The language doctors use to talk to diabetes patients makes a difference to success

Diabetes
What doctors say to patients with diabetes can make a difference, according to educators.

Doctors need to watch their language when talking to patients with diabetes.

The words doctors choose can make a difference in a patient’s success in controlling diabetes, according to diabetes educators who made a presentation at the American Diabetes Association meeting in San Diego last weekend.

The presenters were members of a committee that submitted a five-point consensus statement for publication to the association and the American Association of Diabetes Educators, according to MedPageToday.

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Among those recommendations is that doctors and other healthcare providers use language that is neutral and nonjudgmental, based on facts, action or physiology/biology. It’s important doctors avoid any language that can be viewed as putting down patients or discouraging them from having confidence in managing their disease, the educators said. For example, instead of telling patients their efforts with meal planning, exercise and medication have failed and there’s a need to add another drug, a doctor could talk about A1C levels and explain that an additional medication would work in a different way.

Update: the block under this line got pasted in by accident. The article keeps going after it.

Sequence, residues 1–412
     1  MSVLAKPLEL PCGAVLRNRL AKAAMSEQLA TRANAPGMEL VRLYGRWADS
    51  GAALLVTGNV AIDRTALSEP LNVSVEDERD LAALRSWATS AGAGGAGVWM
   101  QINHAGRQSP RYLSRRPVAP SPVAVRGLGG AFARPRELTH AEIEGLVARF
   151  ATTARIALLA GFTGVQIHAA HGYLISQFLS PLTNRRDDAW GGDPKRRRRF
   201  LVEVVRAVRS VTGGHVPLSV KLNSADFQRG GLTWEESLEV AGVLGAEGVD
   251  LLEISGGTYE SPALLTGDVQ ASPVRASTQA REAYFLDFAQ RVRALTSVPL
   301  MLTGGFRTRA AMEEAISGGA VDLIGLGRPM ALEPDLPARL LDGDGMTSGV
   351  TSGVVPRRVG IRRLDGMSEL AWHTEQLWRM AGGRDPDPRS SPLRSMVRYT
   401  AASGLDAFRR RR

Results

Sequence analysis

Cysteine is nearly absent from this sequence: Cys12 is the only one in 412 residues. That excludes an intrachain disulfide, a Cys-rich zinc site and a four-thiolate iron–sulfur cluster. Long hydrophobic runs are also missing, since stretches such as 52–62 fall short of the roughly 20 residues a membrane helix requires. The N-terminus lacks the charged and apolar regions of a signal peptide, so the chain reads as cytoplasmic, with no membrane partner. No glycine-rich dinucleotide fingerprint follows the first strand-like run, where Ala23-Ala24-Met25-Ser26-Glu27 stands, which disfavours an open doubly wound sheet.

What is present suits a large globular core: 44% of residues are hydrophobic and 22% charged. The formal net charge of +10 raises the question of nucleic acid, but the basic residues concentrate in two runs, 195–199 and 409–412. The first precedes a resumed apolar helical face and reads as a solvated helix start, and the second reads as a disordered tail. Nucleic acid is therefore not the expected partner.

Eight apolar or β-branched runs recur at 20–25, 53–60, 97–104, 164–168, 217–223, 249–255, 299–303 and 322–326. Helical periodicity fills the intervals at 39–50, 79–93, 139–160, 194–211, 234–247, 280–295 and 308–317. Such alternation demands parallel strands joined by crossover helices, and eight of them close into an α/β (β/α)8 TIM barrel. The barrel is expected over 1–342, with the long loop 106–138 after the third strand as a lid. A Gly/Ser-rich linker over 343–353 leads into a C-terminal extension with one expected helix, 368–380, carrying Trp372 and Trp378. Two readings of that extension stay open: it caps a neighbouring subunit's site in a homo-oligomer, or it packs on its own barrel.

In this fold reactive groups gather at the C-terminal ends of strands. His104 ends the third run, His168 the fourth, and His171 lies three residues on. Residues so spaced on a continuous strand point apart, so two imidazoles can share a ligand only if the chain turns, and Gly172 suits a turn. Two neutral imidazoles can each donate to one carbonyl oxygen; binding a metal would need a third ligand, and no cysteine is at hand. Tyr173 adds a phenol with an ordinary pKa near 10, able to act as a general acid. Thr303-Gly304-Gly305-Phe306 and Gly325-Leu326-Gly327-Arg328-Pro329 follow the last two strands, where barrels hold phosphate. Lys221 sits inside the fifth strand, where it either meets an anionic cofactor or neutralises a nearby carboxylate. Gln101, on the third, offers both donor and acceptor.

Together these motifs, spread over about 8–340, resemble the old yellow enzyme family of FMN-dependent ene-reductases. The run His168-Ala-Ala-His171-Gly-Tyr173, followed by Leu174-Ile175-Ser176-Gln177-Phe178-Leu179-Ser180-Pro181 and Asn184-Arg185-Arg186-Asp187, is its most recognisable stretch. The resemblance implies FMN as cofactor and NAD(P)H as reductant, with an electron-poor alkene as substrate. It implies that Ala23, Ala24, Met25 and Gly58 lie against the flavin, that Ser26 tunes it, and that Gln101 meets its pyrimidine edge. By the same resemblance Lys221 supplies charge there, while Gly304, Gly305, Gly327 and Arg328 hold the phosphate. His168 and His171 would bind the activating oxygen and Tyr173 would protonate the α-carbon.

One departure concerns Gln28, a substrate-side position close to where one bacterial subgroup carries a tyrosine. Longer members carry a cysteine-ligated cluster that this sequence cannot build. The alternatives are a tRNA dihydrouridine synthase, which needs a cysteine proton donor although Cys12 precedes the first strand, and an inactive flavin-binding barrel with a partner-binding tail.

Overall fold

"Language conveys meaning and can reflect bias that will affect outcomes, even when you're not aware of it," said Susan Guzman, Ph.D., a clinical and research psychologist at the Behavioral Diabetes Institute in San Diego, according to the MedPage Today report.

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Among the other recommendations is that doctors use language that is respectful, inclusive and imparts hope to patients.

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